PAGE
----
Winter is coming. And what more painful way to realise this than a broken hot water system and cold showers for days?
Hot water is a crucial component of any household. In fact, a household’s hot water system is known to account for approximately 25% of total energy usage in Australian homes.
With this in mind, it’s important to recognise that replacing your hot water system with an energy-efficient alternative is a great place to start when investing in a more energy-efficient home. Consider which hot water system is the most efficient for your particular needs and circumstances will help you save huge amounts of energy and reduce your utility bills in the long run.
So – ready to take the plunge?
In this article, we’ll explore the different types of hot water systems available, the factors that make a hot water system efficient, and ultimately, which is the most efficient hot water system for Victorian homes.
What kinds of hot water systems are available?
There are several types of hot water systems available in Australia, including:
- Heat pump hot water systems
Gas hot water systems use natural gas or LPG to heat water, while electric hot water systems use electricity (generated by whatever source you have in place – solar, or otherwise). Both gas and electric hot water systems come in both “storage” and “instantaneous” models, terms that articulate whether or not the water is heating instantaneously (more energy-efficient and great for small homes or usage needs) or kept warm in a subsequent storage tank, ready for use (these systems require additional heating capacity to keep the water at a consistent temperature while in storage).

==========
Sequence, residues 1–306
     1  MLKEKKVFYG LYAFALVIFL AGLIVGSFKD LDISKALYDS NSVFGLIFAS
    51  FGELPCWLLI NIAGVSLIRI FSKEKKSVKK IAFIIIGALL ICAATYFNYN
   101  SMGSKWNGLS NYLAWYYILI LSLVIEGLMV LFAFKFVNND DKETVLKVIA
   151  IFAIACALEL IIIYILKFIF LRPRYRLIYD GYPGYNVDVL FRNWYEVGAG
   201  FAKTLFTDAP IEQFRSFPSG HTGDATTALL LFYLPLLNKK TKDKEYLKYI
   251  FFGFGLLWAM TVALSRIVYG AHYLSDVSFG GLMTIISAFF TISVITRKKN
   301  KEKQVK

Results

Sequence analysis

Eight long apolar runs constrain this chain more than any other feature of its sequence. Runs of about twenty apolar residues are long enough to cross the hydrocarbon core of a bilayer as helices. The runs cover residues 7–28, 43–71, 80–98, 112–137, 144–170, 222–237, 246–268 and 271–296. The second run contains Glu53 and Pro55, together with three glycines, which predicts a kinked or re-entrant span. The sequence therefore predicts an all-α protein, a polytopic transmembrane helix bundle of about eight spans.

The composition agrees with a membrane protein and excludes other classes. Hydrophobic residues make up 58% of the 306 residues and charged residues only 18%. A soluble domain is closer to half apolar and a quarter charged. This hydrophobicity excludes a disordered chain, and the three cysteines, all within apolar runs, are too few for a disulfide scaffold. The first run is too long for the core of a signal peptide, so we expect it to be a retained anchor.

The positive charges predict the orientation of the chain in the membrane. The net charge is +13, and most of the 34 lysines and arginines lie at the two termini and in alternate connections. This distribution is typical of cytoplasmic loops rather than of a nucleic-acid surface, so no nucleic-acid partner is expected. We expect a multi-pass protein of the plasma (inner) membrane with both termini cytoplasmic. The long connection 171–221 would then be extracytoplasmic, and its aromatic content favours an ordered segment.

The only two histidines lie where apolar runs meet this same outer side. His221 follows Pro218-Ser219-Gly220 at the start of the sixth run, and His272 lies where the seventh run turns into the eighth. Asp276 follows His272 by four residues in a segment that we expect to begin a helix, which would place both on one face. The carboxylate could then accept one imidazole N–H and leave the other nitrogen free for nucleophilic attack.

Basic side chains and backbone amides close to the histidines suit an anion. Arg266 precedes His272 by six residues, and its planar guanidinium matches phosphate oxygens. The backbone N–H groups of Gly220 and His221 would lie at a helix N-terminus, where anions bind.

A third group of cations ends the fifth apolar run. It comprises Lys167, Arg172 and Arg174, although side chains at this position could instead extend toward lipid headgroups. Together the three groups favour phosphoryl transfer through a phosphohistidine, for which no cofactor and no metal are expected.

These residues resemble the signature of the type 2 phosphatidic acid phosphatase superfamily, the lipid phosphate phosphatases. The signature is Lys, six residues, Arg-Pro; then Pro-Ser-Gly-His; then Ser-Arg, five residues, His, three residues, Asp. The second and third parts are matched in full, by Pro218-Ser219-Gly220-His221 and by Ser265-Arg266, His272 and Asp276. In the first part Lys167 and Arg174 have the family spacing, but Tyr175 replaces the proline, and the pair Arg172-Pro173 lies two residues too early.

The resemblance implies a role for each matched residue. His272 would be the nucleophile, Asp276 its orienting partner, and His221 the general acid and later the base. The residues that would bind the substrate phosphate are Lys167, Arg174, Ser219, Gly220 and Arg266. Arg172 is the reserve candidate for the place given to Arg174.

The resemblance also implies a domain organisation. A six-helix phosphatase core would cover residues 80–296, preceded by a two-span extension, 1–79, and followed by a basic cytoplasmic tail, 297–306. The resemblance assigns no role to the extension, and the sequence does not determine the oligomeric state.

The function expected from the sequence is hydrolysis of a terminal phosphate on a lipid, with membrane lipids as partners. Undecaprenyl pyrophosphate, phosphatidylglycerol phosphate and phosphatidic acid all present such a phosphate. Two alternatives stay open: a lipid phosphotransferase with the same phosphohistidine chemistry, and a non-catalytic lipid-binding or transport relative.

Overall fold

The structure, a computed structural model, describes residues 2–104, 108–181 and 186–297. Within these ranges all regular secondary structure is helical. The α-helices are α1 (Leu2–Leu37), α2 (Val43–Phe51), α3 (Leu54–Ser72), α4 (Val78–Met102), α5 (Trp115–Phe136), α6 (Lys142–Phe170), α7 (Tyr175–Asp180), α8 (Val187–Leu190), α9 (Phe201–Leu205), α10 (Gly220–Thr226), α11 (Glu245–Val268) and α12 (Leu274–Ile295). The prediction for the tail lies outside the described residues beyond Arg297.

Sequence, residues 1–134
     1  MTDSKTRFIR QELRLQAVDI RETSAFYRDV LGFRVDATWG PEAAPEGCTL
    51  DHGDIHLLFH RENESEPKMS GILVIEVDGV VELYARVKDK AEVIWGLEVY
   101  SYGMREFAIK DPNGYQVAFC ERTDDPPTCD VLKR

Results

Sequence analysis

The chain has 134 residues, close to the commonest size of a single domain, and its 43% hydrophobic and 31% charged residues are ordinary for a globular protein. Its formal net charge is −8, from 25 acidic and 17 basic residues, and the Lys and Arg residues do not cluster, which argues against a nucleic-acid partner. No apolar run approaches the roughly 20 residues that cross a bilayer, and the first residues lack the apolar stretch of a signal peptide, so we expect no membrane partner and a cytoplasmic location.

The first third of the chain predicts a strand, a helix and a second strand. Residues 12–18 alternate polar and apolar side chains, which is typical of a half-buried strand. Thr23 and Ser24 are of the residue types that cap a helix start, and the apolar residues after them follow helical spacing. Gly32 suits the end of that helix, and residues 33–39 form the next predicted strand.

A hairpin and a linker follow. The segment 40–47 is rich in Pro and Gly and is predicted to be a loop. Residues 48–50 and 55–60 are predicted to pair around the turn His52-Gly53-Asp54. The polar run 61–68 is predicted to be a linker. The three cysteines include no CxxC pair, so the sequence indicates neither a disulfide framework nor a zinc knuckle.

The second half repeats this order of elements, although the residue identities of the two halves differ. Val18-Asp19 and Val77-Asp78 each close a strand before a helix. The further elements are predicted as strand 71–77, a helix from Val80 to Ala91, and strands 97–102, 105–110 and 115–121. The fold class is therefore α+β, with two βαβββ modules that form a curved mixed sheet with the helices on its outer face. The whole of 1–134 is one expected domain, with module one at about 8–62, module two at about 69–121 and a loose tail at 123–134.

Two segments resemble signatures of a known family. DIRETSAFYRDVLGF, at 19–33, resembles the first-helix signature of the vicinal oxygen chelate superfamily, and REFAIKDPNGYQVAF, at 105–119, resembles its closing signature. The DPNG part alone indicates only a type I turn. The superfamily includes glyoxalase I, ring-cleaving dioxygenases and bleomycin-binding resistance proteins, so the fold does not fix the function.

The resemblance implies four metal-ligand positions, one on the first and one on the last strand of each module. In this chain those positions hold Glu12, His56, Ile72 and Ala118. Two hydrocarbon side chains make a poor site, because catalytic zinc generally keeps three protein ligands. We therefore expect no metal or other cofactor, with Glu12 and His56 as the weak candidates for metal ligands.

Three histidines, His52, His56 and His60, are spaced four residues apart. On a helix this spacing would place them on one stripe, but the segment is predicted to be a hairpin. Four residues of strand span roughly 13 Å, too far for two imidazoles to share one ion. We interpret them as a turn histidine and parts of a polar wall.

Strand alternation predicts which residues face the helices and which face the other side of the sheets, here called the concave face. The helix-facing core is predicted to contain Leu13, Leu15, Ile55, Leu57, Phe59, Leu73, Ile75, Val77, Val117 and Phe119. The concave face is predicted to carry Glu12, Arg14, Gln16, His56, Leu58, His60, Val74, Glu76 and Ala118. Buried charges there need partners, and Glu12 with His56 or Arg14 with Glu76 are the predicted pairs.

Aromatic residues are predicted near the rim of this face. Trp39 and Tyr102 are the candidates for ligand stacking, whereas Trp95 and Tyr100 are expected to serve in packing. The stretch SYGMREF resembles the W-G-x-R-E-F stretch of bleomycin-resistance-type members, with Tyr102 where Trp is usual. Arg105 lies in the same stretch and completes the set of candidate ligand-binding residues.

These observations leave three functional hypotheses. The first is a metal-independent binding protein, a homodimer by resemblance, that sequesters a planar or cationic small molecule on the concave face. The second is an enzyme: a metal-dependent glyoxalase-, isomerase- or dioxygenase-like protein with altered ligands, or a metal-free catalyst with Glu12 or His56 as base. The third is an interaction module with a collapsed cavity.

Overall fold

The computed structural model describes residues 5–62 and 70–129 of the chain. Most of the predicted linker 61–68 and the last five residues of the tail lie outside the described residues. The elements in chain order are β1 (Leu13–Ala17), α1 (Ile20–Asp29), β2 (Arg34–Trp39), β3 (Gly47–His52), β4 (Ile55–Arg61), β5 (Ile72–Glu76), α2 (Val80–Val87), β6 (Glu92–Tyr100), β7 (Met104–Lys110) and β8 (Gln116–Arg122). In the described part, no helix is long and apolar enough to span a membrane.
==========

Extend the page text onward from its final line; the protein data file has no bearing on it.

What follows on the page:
Quite obviously, solar hot water systems use the sun’s energy to heat water, while heat pump hot water systems use electricity to transfer heat from the surrounding air to the water.
Naturally, particular models are more efficient and environmentally-conscious than others. While legacy electric and gas systems are some of the most commonly found hot water systems in Victorian homes, they are certainly far from the most efficient.
What factors make a hot water system efficient?
Several factors can affect the efficiency of a hot water system, including:
- The type of fuel used (e.g. natural gas or solar)
- The insulation of the storage tank
- The size of the hot water system
- The quality and reliability of the specific system you choose
Naturally, when looking for a new hot water system you’ll also need to consider things such as:
- Size of the household and water usage requirements
- Climate and available energy sources in the area
- The upfront cost of the system and ongoing maintenance expenses
- Energy efficiency and potential cost savings on energy bills
- Environmental impact and sustainability of the system
- The lifespan and warranty of the system
- Ease of installation and compatibility with existing plumbing and electrical systems
- Available rebates, incentives, and financing options
- Safety features and compliance with relevant regulations and standards
- Noise level and visual impact of the system on the property